The NDP are doing no worse in the polls than they did in '99. This seems to suggest they will keep the seats they already have. In the Soo the NDP incumbent won by a large margin (look at the numbers to the left of your screen El Predicto. There is a big difference between 43% and 28%) last time. This time he'll probably do just as well.
11/05/03 Shawn Meades
Email: spmeades@yahoo.ca
With respect, I believe that's highly unlikely. We're talking about a life long activist and the person who resigned as Deputy Speaker because there was too little being done by the government or the legislature to fight poverty. He's not about to take a do-nothing bureaucratic appointment. Tony's campaign is up and ready to roll- 3 billboards are up around town (not perfect, but IMHO, much nicer than David Orazietti's jumble of websites, phonenumbers, and meaningless slogans), pre-election newspaper ads have already ran, and the new federal leader, Jack Layton, was here just last week for a fundraiser and to support locked out CUPE workers at CLA. Tony's a very humble man, and always works hard in campaigns. This one is no different. He always respects his opponents, and is too smart to ever consider an election "safe." David does pose a threat, but I believe the people of Sault Ste. Marie will stand by Tony for at least one more round.
08/05/03 Scoop Jackson
Like governments of every political stripe, the Tories are looking to reward some loyal supporters with juicy appointments just before the election. Just like in 1999, the Tories are looking for a few token appointments from the opposition parties to point at when they are under fire for patronage. My NDP contacts tell me that the Tories did offer Marilyn Churley a big environmental appointment but she turned them down right away. The next NDP member the Tories approached was Tony Martin. I'm told that Tony didn't say no right away. It does make some sense that Tony would at least think this over. He's had a long run at Queen's Park and it's no secret Tony is not looking forward to spending another four years on the opposition benches. Another reason Tony may be thinking this over is his Liberal opponent, David Orezietti. Keep your eye on Tony Martin and see if he takes the Tory appointment.
01/05/03 Mike
Email: mdavis@hfx.andara.com
The EKOS poll is now dated, with the release of a new Angus Reid poll on Apr/23/03. It shows Lib 48, PC 31, NDP 16. This indicates the NDP will survive a Liberal landslide with at least its incumbents, and maybe even pick up a handful of seats. This poll also shows the NDP at 30 percent in the North, so Tony Martin has little to worry about.
25/04/03 El Predicto
Of the 8 NDP members seeking re-election, Tony Martin is the one most likely to lose his seat. Martin has never won his riding by a wide margin and with the NDP free falling in the polls he's not going to be able to keep the riding. David Orazietti is the best candidate Martin has ever face. Orazietti has a high profile in the riding and has put together a good team. Looks like time is up for Tony.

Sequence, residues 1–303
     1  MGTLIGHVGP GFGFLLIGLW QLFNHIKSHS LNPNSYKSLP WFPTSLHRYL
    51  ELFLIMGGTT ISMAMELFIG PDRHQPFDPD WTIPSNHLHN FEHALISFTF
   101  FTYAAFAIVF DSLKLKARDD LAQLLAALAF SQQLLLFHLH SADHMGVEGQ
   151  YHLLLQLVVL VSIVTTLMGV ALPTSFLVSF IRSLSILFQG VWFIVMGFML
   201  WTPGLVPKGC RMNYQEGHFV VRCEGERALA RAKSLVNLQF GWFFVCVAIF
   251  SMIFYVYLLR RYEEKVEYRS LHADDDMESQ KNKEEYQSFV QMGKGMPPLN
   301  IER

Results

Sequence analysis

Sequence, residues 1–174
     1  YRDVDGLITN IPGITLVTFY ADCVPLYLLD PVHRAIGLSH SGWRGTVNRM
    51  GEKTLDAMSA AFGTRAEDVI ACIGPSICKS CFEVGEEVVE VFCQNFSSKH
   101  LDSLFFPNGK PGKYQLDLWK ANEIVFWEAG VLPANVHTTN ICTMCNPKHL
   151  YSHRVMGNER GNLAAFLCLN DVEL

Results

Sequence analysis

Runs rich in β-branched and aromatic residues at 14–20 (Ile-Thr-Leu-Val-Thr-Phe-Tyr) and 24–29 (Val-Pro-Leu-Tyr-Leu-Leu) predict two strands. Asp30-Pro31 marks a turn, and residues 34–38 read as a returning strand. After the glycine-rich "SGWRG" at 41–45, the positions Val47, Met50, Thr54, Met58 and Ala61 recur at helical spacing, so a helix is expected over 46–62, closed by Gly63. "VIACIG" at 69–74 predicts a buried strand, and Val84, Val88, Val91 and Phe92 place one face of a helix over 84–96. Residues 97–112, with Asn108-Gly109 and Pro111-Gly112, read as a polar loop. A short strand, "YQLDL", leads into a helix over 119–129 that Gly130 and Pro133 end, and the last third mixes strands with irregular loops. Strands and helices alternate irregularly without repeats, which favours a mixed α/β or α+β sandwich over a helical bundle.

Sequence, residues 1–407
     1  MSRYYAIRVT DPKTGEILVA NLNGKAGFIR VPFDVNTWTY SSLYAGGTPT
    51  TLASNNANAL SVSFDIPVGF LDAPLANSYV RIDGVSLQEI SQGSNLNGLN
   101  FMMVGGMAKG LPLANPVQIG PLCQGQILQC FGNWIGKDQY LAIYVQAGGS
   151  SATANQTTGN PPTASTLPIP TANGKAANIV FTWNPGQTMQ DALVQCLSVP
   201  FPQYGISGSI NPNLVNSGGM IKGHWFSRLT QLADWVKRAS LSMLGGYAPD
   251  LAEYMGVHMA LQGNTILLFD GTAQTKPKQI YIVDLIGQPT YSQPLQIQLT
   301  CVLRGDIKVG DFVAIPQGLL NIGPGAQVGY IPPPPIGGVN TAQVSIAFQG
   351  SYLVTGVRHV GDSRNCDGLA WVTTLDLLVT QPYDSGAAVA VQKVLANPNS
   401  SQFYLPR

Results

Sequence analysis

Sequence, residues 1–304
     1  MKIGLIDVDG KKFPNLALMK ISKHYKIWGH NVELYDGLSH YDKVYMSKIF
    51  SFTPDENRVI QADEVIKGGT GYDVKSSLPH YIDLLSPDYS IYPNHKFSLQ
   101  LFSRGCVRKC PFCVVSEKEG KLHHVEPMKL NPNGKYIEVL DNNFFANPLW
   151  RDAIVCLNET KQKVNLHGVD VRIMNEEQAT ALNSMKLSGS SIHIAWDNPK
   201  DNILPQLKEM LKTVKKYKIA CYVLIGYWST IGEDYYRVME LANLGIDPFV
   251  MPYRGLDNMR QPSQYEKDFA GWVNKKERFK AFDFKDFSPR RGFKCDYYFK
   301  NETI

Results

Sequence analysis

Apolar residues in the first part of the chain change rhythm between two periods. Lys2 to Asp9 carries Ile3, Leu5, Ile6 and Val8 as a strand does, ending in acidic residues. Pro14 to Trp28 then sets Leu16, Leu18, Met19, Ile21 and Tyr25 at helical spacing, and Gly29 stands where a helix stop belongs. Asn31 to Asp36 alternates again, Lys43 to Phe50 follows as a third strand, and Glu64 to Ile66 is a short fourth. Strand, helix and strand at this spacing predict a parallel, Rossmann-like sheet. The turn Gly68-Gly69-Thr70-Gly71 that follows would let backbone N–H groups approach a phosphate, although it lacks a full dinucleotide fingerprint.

17/04/03 A.S.
Email: adma@interlog.com
To use the "April 5 EKOS poll results" generically to render the NDP to oblivion is really jumping the gun--especially in light of election-postponement murmurs. Fact is; the members the NDP already has (if not all the seats) are fundamentally safe. And that includes Tony Martin. Now, a decent Grit candidate here and in Nickel Belt is good insurance in case of Liberal landslide sweep-ins; but for now, they're only gallant standard-bearers. (And who knows anything; the Tories were 2nd last time out in the Soo. Why, Soo's PC's even provided a decent cabinet minister in John Rhodes a generation ago.) Martin's trickiest race was his first (strangely, in the Rae landslide year of 1990), when he was caught in the middle of SSM's "language wars"; but he's had no problem since, the locals are still grateful to Bob Rae for saving Algoma, and they wouldn't use Algoma's current travails as a slur against the NDP...
14/04/03 Scotty
April 5 EKOS poll results. Liberals 53, Tories 34, NDP 11. The NDP are falling apart and that means Tony Martin is finished. David Orazietti will be the next MPP for this riding.
04/04/03 Diane
Tony Martin is running scared. David Orazietti and the Same Sault Liberal machine that sent Bud Wildman packing back to the foothills of Echo Bay in the last federal election are out to rid the Sault of the NDP for good. Sault Ste. Marie voters are tired of watching Tony Martin bumble around doing nothing good for the Sault. David Orazietti will win in the Sault, he is the president of the local OSSTF and a two term city councillor with the right last name to pull him to victory in a city with the demographics that the Sault has.
30/01/03 JJ
Tony Martin is a treasure and holds, unless his campaign is really under-resourced. Nolan has too much sense to become an inevitable "shooting star" candidate, the next Maj-Gen Lewis Mackenzie, or Priscillia DeVilliers, or Durhane Wong-Rieger, or...
21/01/03 Andrew Cox
NDP Win. Reasons 1) Tony Martin might not be the finest orator in the legislature, but he is a quietly passionate man with strongly held opinions who has earned respect from all quarters. He works hard for his community and represents them well. 2) With sluggish economic growth and a hard-hat economy, the Sault is archtypical NDP turf: rust-belt North. Martin speaks to the economic frustrations of people who feel left behind by a government focused on the south. 3) People who want a change of government will stick with Martin. Those who like the Tory agenda voted for them in the past. Not much room for movement. 4) A high-profile candidate for either the Liberals or the Tories could shake things up: 5500 votes is not an unmoveable mountain of support. This won't be the NDP's biggest win (Bisson will keep that), but it should be a victory. 5) Sounds like the Ted Nolan thing won't happen, but never say never. Conclusion: mark it NDP unless the nominations are big ! surprises.
05/12/02 SM
I spend a lot of time in this riding, and first, I can't imagine Tony Martin not running. He's got quite a few more terms left in him. He's beloved by almost all- the only way this seat could fall to either the Liberals or tories would be if they nominated Jesus himself. And last time I checked, he's not seeking either one's nomination.
21/11/02 S. Webb
As of now, I would predict Tony Martin to retain this seat. He is a quiet and inoffensive MPP. BUT... rumour has it that Ted Nolan might run for the Tories. If that were to happen, all bets are off.
This riding should stay with the NDP, whether or not Tony Martin runs. If Tony decides to run again, this should be easily the largest NDP margin of victory in Ontario, knowing he has really stood up to a city in an economic downturn. I don't see any change here, the Tories and Liberals will probably split the vote further right like in 1999.